1. Non-Communicable Disease Primary Care Pilot: A pilot programme will provide primary care for eligible uninsured, indigent persons and HIP policy holders who are Financial Assistance (FA) clients, when such persons have a pre-defined chronic, non-communicable disease (NCD), namely: diabetes, hypertension, heart disease, asthma and obesity. Eligible persons will receive primary care, case management and prescription drugs to control NCDs in order to avoid costly Emergency Department visits and unnecessary hospitalizations. The projected cost of $6.19 on the SPR. This pilot benefit is in development, and we expect to see it implemented later in 2015.
  1. BHB Transfer: With the opening of the new acute care wing, and a crisis of funding due to historical challenges, the Island’s hospitals require additional funding to support their proactive sustainability plan. In order to avoid continued increases in fees, which could add more than $8 million to the subsidy costs, a direct transfer to BHB will be introduced to help fund its operations. To raise an estimated $13.7 million, the new transfer will increase the SPR by $23.64. This prevents BHB’s fees from becoming less competitive compared to local and overseas providers, protects the subsidy budget, and provides secure funding for BHB.
  2. HIP Transfer: The HIP claims experience is severely compromised by the risk it absorbs as the insurer of last resort and the health needs of the HIP-FA clients. Annual capital injections to support the plan help to keep the HIP premium affordable for the working poor, but such capital will be reduced in the upcoming fiscal year. In anticipation of this, the MRF transfer to HIP will be increased from $14.00 to $18.40 per month. This has an impact on the SPR of $4.40.
  3. Health Council Transfer: Currently the Council receives $0.67 cents monthly per insured person via the MRF. To help fund operations and reduce the burden on the consolidated fund, offset a reduction in their grant, and in anticipation of additional resource needs to regulate healthcare providers, the transfer will be increased to $1.00. This has an impact on the SPR of $0.33 cents. Mr. Speaker, These changes will help us direct healthcare to more appropriate, cost-effective settings, and protect the subsidy budgets.Mr. Speaker, Honourable Members will recall that the relatively new Home Medical Services (HMS) benefit under SHB is covered by all insurers.  Evaluation of the pilot phase of the programme found it to have saved an estimated $100,000 for the health system by delivering select services outside the acute-care setting.  The benefit is not currently covered by subsidy.  Given its proven cost-effectiveness, the indigent subsidy will now cover HMS to help reduce cost to the subsidy budget.Lastly, and most importantly, Mr Speaker, the Standard Hospital Benefit will be re-named the “Standard Health Benefit”. This will reflect the changes being rolled out to promote more efficient use of healthcare resources, greater reliance on less costly, non-acute care settings, and increased emphasis on secondary prevention and disease management.Mr. Speaker, this Government is committed to working hard to ensure that wider health system improvements take place so funds are dedicated to protecting the most vulnerable. We aim to achieve this task with the assistance of many partners in the private and public sectors, and the changes introduced this year will help to ensure we use healthcare resources more efficiently and improve healthcare coverage and access.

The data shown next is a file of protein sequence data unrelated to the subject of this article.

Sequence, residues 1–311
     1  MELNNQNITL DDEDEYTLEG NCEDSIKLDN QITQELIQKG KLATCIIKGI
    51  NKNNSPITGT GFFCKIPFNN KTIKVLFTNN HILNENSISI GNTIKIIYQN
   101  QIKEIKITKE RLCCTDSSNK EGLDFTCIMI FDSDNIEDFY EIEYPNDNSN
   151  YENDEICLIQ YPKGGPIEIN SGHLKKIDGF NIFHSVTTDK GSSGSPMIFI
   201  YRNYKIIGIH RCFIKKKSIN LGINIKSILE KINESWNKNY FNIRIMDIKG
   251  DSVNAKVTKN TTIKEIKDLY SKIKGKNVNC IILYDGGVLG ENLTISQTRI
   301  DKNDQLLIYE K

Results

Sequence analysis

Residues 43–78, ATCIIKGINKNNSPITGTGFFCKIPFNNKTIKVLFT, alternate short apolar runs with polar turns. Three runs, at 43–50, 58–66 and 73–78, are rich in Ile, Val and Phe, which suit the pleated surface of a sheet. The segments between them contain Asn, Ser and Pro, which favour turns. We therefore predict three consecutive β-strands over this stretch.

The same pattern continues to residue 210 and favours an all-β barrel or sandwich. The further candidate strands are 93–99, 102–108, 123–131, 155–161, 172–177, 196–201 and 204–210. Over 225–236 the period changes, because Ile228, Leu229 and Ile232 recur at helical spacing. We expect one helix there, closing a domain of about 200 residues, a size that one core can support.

4.  

Thank you, Mr. Speaker.

One thought on “Are we being bled dry? Yes.

Add yours

  1. The answer is yes.
    The premium for the Standard hospital benefit is going up by $36.22 from $301.85 to $338.07 per month. Of that increase, $23.64 or two thirds goes to the Bermuda Hospitals Board with the following explanation:
    With the opening of the new acute care wing, and a crisis of funding due to historical challenges, the Island’s hospitals require additional funding to support their proactive sustainability plan. In order to avoid continued increases in fees, which could add more than $8 million to the subsidy costs, a direct transfer to BHB will be introduced to help fund its operations. To raise an estimated $13.7 million, the new transfer will increase the SPR by $23.64. This prevents BHB’s fees from becoming less competitive compared to local and overseas providers, protects the subsidy budget, and provides secure funding for BHB.